The Columbia Police Department and Boone County Sheriff’s Department are employing aggressive new law enforcement technologies to locate and track suspected criminals or other scofflaws.The Columbia Daily Tribune reports of the purchase of new automatic license plate scanning devices by these law enforcement agencies.
Devices like the The Mobile Plate Hunter-900, a product of ELSAG North America Law Enforcement Systems, and costing $20,ooo each allow for the scanning around 5000 vehicles per day in nomal use.
These devices identify and match the license plates of every car encountered against a database of vehicles or vehicle owners who may have problems with the law.
When the scanner identifes a car in the database, an alarm goes off, instantly alerting to the officer in the patrol car to the situation. Police officers not that a car flagged for a driver with an outstanding warrant can sometimes lead to multiple arrests. If the passengers in the car are searched and found to have illegal substances in the possession, multiple drug possession arrests will result.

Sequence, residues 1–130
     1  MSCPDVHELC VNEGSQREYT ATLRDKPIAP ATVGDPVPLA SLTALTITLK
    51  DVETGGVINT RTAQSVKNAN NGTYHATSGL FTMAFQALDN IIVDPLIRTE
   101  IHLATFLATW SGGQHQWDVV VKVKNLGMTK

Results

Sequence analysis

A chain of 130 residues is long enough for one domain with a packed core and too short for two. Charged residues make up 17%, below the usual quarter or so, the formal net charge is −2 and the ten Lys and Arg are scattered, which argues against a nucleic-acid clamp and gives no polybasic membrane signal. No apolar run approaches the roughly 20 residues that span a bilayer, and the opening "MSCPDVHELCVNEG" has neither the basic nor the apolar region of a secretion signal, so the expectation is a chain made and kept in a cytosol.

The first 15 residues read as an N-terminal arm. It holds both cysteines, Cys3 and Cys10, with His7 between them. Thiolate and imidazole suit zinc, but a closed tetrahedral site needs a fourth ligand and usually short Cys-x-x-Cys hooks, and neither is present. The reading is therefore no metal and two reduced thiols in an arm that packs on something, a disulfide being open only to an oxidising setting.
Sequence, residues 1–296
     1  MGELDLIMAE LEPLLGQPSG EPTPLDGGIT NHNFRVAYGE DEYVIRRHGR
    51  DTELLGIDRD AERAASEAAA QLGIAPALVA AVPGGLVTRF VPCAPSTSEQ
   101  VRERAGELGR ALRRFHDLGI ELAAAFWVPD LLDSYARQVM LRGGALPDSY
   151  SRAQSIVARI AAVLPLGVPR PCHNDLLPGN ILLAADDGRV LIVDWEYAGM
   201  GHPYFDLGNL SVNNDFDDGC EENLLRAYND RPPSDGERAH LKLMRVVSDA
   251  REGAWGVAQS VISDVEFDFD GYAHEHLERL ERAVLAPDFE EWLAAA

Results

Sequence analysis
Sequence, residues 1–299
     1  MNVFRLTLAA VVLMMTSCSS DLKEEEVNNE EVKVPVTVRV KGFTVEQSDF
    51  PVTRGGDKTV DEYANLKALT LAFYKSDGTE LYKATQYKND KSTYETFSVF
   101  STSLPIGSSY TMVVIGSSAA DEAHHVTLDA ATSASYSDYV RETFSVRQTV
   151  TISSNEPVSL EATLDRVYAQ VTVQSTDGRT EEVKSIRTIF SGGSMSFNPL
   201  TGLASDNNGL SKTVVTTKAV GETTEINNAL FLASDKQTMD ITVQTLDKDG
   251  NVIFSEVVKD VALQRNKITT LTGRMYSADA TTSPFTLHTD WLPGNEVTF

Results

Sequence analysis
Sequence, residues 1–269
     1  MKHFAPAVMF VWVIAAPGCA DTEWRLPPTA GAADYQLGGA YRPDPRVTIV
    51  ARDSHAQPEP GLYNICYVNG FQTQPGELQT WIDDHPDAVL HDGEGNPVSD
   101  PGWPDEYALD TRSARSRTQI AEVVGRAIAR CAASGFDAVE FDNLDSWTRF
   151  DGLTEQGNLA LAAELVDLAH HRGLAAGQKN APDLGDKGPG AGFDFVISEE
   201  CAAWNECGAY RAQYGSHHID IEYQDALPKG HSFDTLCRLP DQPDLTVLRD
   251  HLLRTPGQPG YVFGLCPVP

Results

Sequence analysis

Other common uses for these systems are identifying stolen vehicles, suspended licenses, and more.
These systems also log every plate scanned by date, time, and location as determined by GPS. So the data can be mined for other law enforcement purposes, some legitimate, some questionable.
For example, if a person with an outstanding warrant for failure to appear in court is sought, they can track his or her past movements and see if the plate has shown up in the database previously, before the warrant was ever issued. This could lead to locations to search for a fugitive, if the car happened to be tagged while parked a frequent location.
Of course, it is easy to imagine how this data can be used abusively, and perfectly innocent citizens can have their movements tracked by the government. Protections against potential abuse is an open question, since the law has yet to catch up with this kind of technology.